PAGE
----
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February 28, 2005
The bomb world swims in alphabet soup. Consider the ubiquitous IED–improvised explosive device. These homemade bombs are the most lethal weapons being employed by the enemy. More troops are killed by IEDs than by any other weapon in Iraq.
Given the lethality of these bombs, a reasonable person might assume that it takes a measure of stealth and cunning to acquire the base components. But in Iraq, it can require only stooping to pick explosives off the ground, since much of the explosive material used for making IEDs is just lying around. In fact, tons of unexploded munitions lay on the surface within walking distance from my quarters on FOB Gabe.
The munitions lying on the ground, on a back corner at Gabe, are from an Iraqi ASP (ammunition supply point) that was destroyed by American forces during the initial invasion. Judging from combat videos of bombs hitting bunkers and causing gigantic explosions, viewers might assume that all the ammunition inside was destroyed in that one devastating blow. Most bombs, when hit by other bombs, simply fly away and land on the ground with a thud.
Bombs are patient. They sit and wait. Through scorching summers, freezing winters, buffeted by winds dense with dust and snow, they wait. Snakes may crawl under their metal skins, birds may light and perch on their noses, but they wait. Bombs may wait until a kid comes around and pings them with rocks, to see if one will explode. Or a bomb might have to wait for a “scrapper”–a metal scavenger–to come and hammer off its fuse. Scrappers who pick through war left-overs learn that bomb fuses are dangerous.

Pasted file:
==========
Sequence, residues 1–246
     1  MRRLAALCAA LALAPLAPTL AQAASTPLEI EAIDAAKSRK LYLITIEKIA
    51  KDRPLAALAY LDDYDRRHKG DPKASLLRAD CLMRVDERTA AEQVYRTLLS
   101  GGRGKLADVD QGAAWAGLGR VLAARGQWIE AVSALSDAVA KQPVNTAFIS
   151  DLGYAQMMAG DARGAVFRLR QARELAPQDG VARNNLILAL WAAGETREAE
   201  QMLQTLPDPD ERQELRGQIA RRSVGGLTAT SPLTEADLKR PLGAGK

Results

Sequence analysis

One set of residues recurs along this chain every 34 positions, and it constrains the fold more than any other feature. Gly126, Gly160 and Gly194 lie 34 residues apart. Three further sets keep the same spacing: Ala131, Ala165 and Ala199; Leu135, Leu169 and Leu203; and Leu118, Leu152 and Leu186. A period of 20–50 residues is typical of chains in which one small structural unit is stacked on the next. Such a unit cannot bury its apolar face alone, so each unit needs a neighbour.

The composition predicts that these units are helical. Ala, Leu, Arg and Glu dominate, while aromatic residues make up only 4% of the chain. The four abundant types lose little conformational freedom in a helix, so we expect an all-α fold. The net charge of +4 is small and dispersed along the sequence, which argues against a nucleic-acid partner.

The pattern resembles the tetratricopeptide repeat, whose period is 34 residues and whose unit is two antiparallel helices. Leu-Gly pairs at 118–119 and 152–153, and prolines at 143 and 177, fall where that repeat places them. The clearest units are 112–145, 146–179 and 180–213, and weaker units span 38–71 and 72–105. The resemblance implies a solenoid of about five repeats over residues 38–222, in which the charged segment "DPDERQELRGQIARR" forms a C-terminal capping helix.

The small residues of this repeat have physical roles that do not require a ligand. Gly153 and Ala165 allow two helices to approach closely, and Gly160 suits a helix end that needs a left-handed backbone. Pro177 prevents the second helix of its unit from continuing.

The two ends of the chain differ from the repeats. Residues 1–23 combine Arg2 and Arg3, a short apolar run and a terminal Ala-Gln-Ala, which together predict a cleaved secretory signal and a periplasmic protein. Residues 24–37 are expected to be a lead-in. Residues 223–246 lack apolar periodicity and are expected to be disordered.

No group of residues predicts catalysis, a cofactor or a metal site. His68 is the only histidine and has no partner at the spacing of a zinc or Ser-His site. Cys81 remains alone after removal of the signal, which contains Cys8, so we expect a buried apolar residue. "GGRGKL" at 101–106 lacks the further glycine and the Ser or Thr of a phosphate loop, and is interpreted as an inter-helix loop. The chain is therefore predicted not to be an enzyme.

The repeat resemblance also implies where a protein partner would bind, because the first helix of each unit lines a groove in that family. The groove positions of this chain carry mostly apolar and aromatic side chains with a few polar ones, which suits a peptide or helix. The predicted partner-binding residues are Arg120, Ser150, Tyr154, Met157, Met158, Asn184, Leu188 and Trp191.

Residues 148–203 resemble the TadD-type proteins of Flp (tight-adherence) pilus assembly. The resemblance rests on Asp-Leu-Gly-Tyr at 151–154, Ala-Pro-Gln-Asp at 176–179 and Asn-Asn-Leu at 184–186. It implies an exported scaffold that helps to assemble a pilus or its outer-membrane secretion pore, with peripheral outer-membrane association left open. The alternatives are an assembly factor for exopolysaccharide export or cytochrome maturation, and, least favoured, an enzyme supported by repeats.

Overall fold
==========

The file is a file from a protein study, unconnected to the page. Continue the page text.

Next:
The bombs that don’t kill kids or scrappers wait. They wait while time helps the weather bury them. Years later, a farmer pulls open the ground with a plough and his family at home feels the impact as windows shatter. Other bombs wait longer. A century after combat, long after the battles have passed from common memory, construction workers will hit bombs with shovels and machines.
Modern bombs have long lives. This is nothing new to Iraq or to war; after all, munitions from the American Civil War still kill people. Bombs do only two things well: wait, and explode. So, of course, insurgents collect bombs. This, too, is common to many wars.
Until Coalition forces secured the “destroyed” ASPs and began the controlled demolitions (one of which is depicted in the photos accompanying this post), many tons of munitions had been picked through and hauled away. These are being returned by insurgents in the form of IEDs.
To minimize this threat, and begin to get ahead of the supply curve, the Coalition is focusing on destroying derelict bombs in the fastest and cheapest way possible: blowing them up. An exploded bomb has spent its load of energy.
The work is dangerous and requires expertise, most of which is being provided by former military Explosives Ordinance Disposal (EOD) specialists working as contractors for the Coalition. Each week they destroy literally hundreds of tons of explosives in Iraq. Some of the shots are small, like those here on FOB Gabe. Other shots are gigantic; perhaps 150 tons per shot. This work is happening all around Iraq. I feel shockwaves from controlled explosions every day.